Members who auto-enrolled and lost Fixed Protection may still be able to opt-out if not “given” the correct enrolment information

by Troy Ramsey   •  
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One of the conditions for Fixed Protection against the Lifetime Allowance is that no contributions are paid by the individual or the individual’s employer. So, employees with Fixed Protection should not be auto-enrolled into a pension scheme and there is an exemption from auto-enrolment for them. Where an employer has reasonable grounds to believe that a worker has Fixed Protection (or another form of protection against the Lifetime Allowance) then the employer can choose whether to apply the automatic enrolment duty to that worker, where triggered, but is not required to.

Moan v Revenue and Customs Commissioners [2022] UKFTT 118 (TC)

In this case, the appellant was automatically enrolled into his company’s workplace pension scheme by his new employer in March 2017. He had some issues with access to work emails and did not become aware of his enrolment until June 2017. Aegon, the pension scheme provider, refused to refund the pension contributions that had been made following his automatic enrolment and HMRC withdrew his Fixed Protection on the grounds that he had not opted-out of the scheme in time.

The appellant then took his case to the First-tier Tribunal (Tax).

The Tribunal found that the one-month opt-out period for automatic enrolment runs from the time that ‘correct information’ is provided to an employee. The legislation states –

Where the jobholder has become an active member of an occupational pension scheme, the jobholder must give their employer a valid opt out notice within a period of one month beginning with the later of –

  1. the date on which the jobholder became an active member of the scheme in accordance with regulation 6(1)(a), or
  2. the date on which the jobholder was given the enrolment information.

If a valid opt-out is received then the employee is treated as never having been auto-enrolled and any contributions paid should be refunded.

In this case, where the employer had, in late 2016, chosen to postpone the employee’s automatic enrolment for three months, some of the information provided to the employee was incorrect in that it did not include all the information prescribed by regulations; in particular his date of auto-enrolment.

The Tribunal observed that –

The legislation lays down a highly prescriptive regime setting out the requirements for provision of a great deal of detailed information to an auto-enrolled member, and clearly linking the time limit for opting out to the date of provision of that information. If the information that has been provided is simply incorrect … then I consider it to be self-evident that any time limit expressed to run from the time when that information has been provided cannot start to run until the correct information has been provided.

It follows that the opting out notice delivered by the Appellant, delivered (as it was) before the correct enrolment information had been given to him, must have been delivered before the statutory deadline (of one month after the giving to him of the enrolment information).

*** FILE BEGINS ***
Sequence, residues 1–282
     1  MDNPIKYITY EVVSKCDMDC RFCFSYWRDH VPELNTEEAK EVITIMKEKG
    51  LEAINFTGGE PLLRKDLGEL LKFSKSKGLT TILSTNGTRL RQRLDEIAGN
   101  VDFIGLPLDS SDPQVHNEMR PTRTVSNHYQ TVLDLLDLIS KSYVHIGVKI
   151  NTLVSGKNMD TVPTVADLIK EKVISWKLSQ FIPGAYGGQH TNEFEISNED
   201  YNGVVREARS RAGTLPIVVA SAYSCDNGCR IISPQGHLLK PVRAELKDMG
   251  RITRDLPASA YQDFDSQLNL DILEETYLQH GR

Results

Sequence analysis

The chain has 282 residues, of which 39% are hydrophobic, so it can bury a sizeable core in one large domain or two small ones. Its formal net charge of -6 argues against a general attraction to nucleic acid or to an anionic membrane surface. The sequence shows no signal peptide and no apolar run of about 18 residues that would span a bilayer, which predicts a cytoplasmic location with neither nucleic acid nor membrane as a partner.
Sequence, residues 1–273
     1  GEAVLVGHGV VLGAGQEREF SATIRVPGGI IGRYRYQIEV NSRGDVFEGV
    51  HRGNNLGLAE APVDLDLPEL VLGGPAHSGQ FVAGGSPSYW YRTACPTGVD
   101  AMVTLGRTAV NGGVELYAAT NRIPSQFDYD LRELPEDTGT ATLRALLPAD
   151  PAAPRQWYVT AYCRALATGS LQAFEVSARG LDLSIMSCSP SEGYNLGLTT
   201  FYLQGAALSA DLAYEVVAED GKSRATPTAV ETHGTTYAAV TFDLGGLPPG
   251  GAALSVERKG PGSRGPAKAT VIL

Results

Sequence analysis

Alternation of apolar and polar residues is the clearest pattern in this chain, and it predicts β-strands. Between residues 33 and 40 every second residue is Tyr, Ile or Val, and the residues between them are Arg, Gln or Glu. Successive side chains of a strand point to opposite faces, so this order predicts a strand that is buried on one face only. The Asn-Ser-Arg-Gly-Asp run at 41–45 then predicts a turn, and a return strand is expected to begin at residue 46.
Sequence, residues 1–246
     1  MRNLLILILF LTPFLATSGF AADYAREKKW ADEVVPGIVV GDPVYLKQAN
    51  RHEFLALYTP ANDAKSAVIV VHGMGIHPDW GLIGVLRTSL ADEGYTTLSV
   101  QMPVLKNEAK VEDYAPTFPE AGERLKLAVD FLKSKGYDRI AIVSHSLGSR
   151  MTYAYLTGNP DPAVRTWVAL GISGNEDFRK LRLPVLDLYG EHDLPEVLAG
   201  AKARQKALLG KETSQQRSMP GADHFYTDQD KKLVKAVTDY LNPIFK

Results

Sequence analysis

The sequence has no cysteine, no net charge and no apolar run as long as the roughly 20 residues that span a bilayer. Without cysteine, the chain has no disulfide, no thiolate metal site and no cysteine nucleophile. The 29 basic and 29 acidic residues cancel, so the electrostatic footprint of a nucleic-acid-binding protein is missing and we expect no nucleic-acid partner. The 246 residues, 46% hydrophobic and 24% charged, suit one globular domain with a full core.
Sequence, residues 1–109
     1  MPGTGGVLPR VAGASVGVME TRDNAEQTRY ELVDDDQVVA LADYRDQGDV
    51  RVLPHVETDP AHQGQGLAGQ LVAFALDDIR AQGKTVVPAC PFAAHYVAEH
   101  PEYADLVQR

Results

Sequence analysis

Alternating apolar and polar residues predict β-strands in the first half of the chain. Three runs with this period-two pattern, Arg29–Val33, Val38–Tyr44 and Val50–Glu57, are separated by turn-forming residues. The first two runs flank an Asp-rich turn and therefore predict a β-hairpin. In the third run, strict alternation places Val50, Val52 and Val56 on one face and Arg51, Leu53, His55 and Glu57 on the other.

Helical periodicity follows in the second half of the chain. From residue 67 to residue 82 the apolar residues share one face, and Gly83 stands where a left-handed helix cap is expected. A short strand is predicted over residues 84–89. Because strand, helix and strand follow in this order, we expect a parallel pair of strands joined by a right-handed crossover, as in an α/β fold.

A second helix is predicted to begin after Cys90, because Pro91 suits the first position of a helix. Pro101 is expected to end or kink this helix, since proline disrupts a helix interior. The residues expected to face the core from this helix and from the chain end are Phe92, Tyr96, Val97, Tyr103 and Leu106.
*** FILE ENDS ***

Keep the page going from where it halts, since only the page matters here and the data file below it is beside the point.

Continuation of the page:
Therefore, the appellant had opted out within the allowed time frame and his Fixed Protection should not have been withdrawn.

Interestingly, the Judge went on to consider whether his conclusion would have been different if the appellant had been given the correct information about his automatic enrolment. The information had been provided by e-mail and it was held that, even though the email may have been missed, deleted or incorrectly filed as junk mail, the auto-enrolment information was ‘given’. Had it contained the correct information, the appellant’s opt-out notification would have been out of time and HMRC would have been correct in withdrawing Fixed Protection.

Comment

This is a useful case in terms of understanding the automatic enrolment regime set out in Pensions Act 2008 and SI 2010/772 and, in particular, the information that must be provided to workers and when a worker is treated as having been “given the enrolment information” for the purposes of exercising his or her right to opt-out of automatic enrolment.  

A key takeaway is that enrolment information given by an employer must be accurate and the time limit for opting out does not start to run until the correct enrolment information is given.

Where a worker uses an email address and has not objected to its use for communications, then information received at that email address is normally regarded as “given”. That said, the judge in this case said that this “cannot necessarily be assumed” adding that, for example, “email accounts can be hacked, or suspended for non-payment of subscription fees; IT failures can cause deletion of emails without the user’s knowledge; the user’s computer may have broken and they may be unable to obtain access to a replacement for some reason; a computer virus may have destroyed the email or rendered access to it impossible”. So, there could be circumstances where information sent by email is not “given” and, therefore, the timescale for the recipient to do something (such as opt-out) has not been triggered.

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